Opening the iTunes Store.If iTunes doesn’t open, click the iTunes icon in your Dock or on your Windows desktop.Progress Indicator
Opening the iBooks Store.If iBooks doesn't open, click the iBooks app in your Dock.Progress Indicator

iTunes is the world's easiest way to organize and add to your digital media collection.

We are unable to find iTunes on your computer. To preview and buy music from Words We Can Dance To by Steve Goodman, download iTunes now.

Do you already have iTunes? Click I Have iTunes to open it now.

I Have iTunes Free Download
iTunes for Mac + PC

Words We Can Dance To

Open iTunes to preview, buy and download music.

Album Review

A typical Steve Goodman mix of eclectic stylings and clever wordplay, Words We Can Dance To roams far and wide. The music ranges from a cover of the rock & roll classic "Tossin' and Turnin'" to the Western swing of "Between the Lines," and from the country shuffle of "Death of a Salesman" to the solo acoustic blues guitar pickin' on the standard "The Glory of Love." Within this broad musical spectrum, Goodman delivers his original lyrics, both humorous and heartfelt. "Banana Republics" became a staple of Jimmy Buffett's repertoire after its inclusion on Changes in Latitudes, Changes in Attitudes. In "Old Fashioned," Goodman tells of being "out of date and born too late" as he seeks the love of an "old fashioned girl," but in fact the lines probably described his music as well. Both "Between the Lines" and "That's What Friends Are For" offer compelling, personal looks at the elusiveness of love, while on "Death of a Salesman" Goodman goes for the laughs in a retelling of the old traveling salesman story.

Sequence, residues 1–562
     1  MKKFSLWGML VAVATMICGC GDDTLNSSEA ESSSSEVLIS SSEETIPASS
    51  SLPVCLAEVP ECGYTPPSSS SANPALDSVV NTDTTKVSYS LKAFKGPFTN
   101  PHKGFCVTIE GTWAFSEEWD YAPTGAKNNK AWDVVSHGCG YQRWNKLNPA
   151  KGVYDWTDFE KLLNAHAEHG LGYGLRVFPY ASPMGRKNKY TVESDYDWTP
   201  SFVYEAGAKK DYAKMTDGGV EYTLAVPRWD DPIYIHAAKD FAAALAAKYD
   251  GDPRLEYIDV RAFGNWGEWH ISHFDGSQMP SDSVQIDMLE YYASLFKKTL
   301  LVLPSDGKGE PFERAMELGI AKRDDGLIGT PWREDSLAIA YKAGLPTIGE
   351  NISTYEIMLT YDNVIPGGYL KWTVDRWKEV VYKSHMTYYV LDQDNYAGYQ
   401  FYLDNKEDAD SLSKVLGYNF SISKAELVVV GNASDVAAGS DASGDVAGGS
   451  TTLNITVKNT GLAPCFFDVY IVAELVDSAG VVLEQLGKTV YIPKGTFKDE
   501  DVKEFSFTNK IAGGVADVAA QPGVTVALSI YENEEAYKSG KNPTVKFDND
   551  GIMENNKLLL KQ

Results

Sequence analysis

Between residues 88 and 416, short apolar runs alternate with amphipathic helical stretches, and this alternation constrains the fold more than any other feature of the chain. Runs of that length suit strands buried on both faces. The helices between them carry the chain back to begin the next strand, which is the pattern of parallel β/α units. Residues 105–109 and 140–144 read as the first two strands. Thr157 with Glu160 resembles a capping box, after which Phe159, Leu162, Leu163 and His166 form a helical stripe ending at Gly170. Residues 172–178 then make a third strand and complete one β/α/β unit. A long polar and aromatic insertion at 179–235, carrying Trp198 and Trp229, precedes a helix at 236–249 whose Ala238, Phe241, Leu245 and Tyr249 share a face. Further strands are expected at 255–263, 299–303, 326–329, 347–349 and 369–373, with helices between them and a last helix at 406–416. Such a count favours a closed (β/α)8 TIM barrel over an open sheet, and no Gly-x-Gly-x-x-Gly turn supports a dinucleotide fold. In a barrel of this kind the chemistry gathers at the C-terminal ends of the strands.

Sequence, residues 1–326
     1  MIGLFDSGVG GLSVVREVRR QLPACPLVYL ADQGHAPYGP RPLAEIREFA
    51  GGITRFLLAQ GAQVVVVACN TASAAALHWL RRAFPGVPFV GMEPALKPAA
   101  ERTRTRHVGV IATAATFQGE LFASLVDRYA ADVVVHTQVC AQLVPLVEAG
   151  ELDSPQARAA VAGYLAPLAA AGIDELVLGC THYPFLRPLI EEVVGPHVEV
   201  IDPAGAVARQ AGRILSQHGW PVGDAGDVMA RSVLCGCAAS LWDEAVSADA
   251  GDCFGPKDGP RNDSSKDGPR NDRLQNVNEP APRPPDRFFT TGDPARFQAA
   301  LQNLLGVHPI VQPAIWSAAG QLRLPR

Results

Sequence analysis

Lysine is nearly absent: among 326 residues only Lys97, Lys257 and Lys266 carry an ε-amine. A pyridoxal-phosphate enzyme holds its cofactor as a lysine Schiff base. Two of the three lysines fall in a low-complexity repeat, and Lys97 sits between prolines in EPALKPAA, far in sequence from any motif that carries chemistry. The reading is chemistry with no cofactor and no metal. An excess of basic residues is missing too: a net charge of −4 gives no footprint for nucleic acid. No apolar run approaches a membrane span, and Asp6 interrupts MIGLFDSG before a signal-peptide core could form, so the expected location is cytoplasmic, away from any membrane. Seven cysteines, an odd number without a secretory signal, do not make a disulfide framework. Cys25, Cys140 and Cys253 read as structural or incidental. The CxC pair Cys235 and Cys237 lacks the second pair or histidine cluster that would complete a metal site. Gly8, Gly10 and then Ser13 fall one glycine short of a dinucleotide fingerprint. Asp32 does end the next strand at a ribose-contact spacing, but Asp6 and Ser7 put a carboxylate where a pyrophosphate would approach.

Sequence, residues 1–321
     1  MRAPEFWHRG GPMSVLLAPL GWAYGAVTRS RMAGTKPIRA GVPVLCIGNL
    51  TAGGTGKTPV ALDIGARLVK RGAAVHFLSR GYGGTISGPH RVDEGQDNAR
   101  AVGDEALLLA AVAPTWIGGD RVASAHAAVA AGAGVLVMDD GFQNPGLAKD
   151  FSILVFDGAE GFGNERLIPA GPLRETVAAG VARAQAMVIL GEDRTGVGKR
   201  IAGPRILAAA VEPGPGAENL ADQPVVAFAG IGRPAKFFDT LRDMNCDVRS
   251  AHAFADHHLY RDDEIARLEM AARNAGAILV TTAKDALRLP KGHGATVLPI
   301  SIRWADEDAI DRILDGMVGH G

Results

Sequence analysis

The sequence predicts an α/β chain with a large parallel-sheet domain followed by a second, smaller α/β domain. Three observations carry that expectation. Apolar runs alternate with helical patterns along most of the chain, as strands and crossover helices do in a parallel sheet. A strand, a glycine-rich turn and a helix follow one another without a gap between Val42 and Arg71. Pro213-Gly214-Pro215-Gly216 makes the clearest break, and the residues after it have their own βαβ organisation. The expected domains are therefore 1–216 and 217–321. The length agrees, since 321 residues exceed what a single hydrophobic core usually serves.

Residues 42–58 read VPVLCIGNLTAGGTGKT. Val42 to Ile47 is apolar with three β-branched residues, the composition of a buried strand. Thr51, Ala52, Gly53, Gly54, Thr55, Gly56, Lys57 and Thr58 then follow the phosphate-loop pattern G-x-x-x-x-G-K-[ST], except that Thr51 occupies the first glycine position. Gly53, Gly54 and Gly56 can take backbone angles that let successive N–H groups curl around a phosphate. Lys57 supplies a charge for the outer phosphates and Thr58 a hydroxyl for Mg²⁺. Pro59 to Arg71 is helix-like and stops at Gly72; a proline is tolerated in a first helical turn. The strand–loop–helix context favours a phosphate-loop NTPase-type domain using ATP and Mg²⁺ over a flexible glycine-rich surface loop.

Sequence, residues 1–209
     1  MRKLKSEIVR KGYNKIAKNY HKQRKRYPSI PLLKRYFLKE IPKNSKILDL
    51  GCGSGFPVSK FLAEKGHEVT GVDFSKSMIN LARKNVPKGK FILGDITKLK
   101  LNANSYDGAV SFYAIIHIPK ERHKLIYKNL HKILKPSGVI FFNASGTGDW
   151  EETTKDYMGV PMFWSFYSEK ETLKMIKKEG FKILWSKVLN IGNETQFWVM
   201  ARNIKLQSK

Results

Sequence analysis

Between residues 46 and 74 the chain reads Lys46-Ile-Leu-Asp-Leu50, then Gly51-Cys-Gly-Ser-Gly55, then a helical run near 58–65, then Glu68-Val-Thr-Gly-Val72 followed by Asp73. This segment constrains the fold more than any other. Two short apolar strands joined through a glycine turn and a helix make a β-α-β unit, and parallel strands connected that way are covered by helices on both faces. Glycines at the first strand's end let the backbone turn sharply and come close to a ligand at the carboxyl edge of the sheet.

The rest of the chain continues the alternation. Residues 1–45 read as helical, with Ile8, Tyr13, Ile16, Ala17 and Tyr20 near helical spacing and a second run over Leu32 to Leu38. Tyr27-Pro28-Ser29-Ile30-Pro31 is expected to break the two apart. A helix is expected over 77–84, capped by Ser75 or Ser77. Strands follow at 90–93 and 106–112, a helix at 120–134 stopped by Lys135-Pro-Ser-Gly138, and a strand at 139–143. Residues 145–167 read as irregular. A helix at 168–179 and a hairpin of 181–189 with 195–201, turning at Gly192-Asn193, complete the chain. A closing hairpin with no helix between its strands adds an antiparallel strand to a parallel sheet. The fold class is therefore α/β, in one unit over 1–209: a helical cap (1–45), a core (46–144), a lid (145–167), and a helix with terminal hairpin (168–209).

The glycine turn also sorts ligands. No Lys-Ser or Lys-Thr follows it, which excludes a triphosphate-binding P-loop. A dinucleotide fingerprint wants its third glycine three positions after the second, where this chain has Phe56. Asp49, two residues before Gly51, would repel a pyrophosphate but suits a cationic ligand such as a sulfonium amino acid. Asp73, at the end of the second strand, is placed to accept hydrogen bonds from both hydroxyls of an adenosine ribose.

Born: 25 July 1948 in Chicago, IL

Genre: Singer/Songwriter

Years Active: '60s, '70s, '80s

Growing up in what he called "a Midwestern middle-class Jewish family," Steve Goodman began playing the guitar as a teenager. He was influenced by the folk revival of the early '60s and by country performers such as Jimmie Rodgers and Hank Williams. After attending college in the mid-'60s, he turned to playing in Chicago clubs by night and writing commercial jingles by day. In 1971, he opened for Kris Kristofferson and was seen by Paul Anka, who financed demo recordings that led to a contract with...
Full bio
Words We Can Dance To, Steve Goodman
View In iTunes

Customer Ratings

0 0 0 We have not received enough ratings to display an average for this album.